Within the last two months as many of my closest friends have died, Joel Strack and Ben Lane. The former’s passing came with the gift of a month of hospice care which afforded his friends the opportunity to reminisce about days long gone, when we had more hair, less excess weight, and our futures seemed boundless. It also granted his family time to see firsthand their beloved’s impact on Central Florida. With the latter’s passing, we were not so fortunate.
Things are tough. All over. A lot of people are hurting physically, emotionally, financially, and spiritually. All any of us need do is turn on the TV, log into social media, or if you’re really daring, step outside your front door and there it is: the awfulness of humanity. With this pervasive level of devastation, a friend of mine asked, as I’m sure many more of you have —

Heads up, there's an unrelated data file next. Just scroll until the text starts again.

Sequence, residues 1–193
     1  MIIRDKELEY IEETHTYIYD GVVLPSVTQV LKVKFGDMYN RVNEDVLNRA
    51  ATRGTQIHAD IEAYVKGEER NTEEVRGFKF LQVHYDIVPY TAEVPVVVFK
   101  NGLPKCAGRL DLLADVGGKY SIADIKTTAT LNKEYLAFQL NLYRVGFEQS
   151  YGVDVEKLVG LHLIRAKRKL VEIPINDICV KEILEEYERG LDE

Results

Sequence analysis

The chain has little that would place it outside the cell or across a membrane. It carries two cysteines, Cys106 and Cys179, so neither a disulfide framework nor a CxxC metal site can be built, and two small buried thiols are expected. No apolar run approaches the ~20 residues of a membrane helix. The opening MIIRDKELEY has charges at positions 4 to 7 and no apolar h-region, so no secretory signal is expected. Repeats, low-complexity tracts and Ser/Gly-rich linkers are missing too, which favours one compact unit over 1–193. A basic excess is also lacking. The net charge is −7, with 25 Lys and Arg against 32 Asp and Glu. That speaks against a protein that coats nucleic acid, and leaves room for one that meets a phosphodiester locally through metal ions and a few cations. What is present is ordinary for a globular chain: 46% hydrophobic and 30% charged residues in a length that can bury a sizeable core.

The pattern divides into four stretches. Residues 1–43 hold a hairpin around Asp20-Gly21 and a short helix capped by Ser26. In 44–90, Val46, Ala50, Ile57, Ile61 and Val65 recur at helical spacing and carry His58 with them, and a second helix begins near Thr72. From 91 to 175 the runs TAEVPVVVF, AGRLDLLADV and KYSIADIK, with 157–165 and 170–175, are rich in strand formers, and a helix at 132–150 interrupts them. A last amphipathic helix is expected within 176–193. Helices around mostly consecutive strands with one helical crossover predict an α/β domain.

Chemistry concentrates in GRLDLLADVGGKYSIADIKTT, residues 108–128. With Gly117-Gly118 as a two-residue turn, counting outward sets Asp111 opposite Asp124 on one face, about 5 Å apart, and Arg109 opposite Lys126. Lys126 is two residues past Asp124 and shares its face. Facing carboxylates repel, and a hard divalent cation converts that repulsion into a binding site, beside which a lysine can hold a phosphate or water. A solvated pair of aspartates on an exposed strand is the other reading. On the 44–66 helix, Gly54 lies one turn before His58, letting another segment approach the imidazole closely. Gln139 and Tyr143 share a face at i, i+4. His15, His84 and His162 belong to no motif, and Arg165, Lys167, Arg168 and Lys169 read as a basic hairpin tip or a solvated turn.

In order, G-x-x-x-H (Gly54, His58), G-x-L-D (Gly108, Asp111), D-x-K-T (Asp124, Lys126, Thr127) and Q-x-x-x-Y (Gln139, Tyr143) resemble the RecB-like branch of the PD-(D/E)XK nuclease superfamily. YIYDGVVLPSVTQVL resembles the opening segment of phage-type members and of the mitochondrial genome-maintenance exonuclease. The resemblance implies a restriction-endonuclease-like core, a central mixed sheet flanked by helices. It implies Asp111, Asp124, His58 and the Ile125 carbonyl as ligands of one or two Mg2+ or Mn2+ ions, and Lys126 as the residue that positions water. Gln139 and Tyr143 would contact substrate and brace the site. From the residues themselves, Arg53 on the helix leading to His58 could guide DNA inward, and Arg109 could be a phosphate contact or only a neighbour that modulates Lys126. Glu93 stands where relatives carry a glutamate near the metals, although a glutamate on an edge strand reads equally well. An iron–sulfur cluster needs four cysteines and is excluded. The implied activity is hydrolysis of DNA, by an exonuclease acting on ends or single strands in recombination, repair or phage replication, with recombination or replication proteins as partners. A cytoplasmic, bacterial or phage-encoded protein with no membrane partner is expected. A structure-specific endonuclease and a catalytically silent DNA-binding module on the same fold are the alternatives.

“If God is real, then why do things like [insert tragedy] happen?”
How does God’s love abide in anyone who has the world’s goods and sees a brother or sister in need and yet refuses help?
No, that’s not a plank in some Liberal “snowflake” platform, nor is it a principle from a Communist manifesto. That question comes from Scripture, 1 John 3:16–17 (NRSV), to be exact.
A couple of weeks ago, I announced in this post that United Thank Offering, a ministry of The Episcopal Church, is considering a grant proposal I’ve written and submitted for a series of workshops on racial reconciliation. Awards won’t be announced until early July 2018, so that gives me plenty of time to plot, plan, and flesh out some ideas.
So “how do I talk to Christian people about LGBT issues?” Without sounding cavalier or insensitive, I like to think there no LGBT issues. There are only human issues.
But if we have to break the challenges that LGBT people face out into a separate category, I think talking about them with Christian people is pretty much like talking about any other hot topic with anyone else